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The UNIX Programming Environment » (1st)

Book cover image of The UNIX Programming Environment by Brian W. Kernighan

Authors: Brian W. Kernighan, Rob Pike
ISBN-13: 9780139376818, ISBN-10: 013937681X
Format: Paperback
Publisher: Prentice Hall Professional Technical Reference
Date Published: January 1984
Edition: 1st

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Author Biography: Brian W. Kernighan

Book Synopsis

Designed for first-time and experienced users, this book describes the UNIX® programming environment and philosophy in detail. Readers will gain an understanding not only of how to use the system, its components, and the programs, but also how these fit into the total environment.

Booknews

Both novice and experienced users will appreciate this work. It provides an understanding not only of how to use the system, its components, and programs, but also how they fit into the total UNIX environment. Annotation c. Book News, Inc., Portland, OR (booknews.com)

Table of Contents

Prefacevii
1.UNIX for Beginners1
1.1Getting started2
1.2Day-to-day use: files and common commands11
1.3More about files: directories21
1.4The shell26
1.5The rest of the UNIX system38
2.The File System41
2.1The basics of files41
2.2What's in a file?46
2.3Directories and filenames48
2.4Permissions52
2.5Inodes57
2.6The directory hierarchy63
2.7Devices65
3.Using the Shell71
3.1Command line structure71
3.2Metacharacters74
3.3Creating new commands80
3.4Command arguments and parameters82
3.5Program output as arguments86
3.6Shell variables88
3.7More on I/O redirection92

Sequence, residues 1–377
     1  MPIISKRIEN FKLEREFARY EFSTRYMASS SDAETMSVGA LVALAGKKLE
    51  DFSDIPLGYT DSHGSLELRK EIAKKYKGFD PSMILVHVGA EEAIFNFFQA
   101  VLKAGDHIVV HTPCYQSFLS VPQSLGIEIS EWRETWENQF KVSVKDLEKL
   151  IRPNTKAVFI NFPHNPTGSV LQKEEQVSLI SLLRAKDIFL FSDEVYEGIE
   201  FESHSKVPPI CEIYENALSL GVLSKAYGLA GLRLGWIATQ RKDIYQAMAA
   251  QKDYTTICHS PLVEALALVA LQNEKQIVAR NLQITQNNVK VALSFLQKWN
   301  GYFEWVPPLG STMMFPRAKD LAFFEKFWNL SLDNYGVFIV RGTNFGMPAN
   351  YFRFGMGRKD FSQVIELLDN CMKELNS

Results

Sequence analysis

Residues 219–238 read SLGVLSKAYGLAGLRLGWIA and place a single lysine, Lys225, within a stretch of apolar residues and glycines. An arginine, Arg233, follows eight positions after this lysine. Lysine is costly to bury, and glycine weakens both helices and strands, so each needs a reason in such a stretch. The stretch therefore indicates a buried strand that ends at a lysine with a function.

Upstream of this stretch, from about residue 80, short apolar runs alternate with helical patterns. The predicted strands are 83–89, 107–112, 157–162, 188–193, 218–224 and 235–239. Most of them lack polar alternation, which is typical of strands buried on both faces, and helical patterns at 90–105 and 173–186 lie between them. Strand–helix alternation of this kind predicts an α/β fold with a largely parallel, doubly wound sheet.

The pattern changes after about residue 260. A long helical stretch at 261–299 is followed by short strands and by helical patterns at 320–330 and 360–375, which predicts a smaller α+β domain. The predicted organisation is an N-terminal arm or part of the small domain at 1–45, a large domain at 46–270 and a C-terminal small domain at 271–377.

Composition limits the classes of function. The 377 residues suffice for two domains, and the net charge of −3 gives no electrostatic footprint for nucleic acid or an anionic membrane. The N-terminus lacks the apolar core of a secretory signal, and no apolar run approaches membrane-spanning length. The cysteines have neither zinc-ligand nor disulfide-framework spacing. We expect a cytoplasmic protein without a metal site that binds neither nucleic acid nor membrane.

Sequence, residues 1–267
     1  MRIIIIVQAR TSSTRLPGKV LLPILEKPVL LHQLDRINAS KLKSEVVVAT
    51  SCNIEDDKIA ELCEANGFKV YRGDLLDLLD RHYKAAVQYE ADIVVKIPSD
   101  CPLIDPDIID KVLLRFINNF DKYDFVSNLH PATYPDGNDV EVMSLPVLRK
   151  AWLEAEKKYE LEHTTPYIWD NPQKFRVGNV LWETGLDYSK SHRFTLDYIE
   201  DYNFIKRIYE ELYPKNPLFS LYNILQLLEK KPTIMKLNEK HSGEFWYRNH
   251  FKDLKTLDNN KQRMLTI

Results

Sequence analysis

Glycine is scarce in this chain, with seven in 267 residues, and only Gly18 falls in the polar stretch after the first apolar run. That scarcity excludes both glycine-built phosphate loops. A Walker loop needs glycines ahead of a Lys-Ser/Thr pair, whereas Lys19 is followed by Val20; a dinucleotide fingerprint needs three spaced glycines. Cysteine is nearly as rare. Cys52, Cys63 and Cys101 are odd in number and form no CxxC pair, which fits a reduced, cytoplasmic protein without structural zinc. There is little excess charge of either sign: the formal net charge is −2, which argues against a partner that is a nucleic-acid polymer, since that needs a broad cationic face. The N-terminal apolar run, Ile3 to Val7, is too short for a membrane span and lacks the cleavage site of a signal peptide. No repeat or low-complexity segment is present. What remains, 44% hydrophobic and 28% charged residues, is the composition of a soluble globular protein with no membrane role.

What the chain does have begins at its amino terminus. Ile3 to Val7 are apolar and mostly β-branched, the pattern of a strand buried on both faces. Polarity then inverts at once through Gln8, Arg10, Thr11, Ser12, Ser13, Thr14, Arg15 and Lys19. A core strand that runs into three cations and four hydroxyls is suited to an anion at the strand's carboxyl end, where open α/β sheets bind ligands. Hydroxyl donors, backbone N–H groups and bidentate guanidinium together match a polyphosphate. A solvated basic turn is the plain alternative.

3.8Looping in shell programs94
3.9bundle: putting it all together97
3.10Why a programmable shell?99
4.Filters101
4.1The grep family102
4.2Other filters106
4.3The stream editor sed108
4.4The awk pattern scanning and processing language114
4.5Good files and good filters130
5.Shell Programming133
5.1Customizing the cal command133
5.2Which command is which?138
5.3While and until loops: watching for things144
5.4Traps: catching interrupts150
5.5Replacing a file: overwrite152
5.6Zap: killing proceses by name156
5.7The pick command: blanks vs. arguments159
5.8The news command: community service messages162
5.9Get and put: tracking file changes165
5.10A look back169
6.Programming with Standard I/O171
6.1Standard input and output: vis172
6.2Program arguments: vis version 2174
6.3File access: vis version 3176
6.4A screen-at-a-time printer: p180
6.5An example: pick186
6.6On bugs and debugging187
6.7An example: zap190
6.8An interactive file comparison program: idiff192
6.9Accessing the environment199
7.UNIX System Calls201
7.1Low-level I/O201
7.2File system: directories208
7.3File system: inodes214
7.4Processes220
7.5Signals and interrupts225
8.Program Development233
8.1Stage 1: A four-function calculator234
8.2Stage 2: Variables and error recovery242
8.3Stage 3: Arbitrary variable names; built-in functions245
8.4Stage 4: Compilation into a machine258
8.5Stage 5: Control flow and relational operators266
8.6Stage 6: Functions and procedures; input/output273
8.7Performance evaluation284
8.8A look back286
9.Document Preparation289
9.1The ms macro package290
9.2The troff level297
9.3The tbl and eqn preprocessors301
9.4The manual page308
9.5Other document preparation tools313
10.Epilog315
Appendix 1Editor Summary319
Appendix 2hoc Manual329
Appendix 3hoc Listing335
Index349

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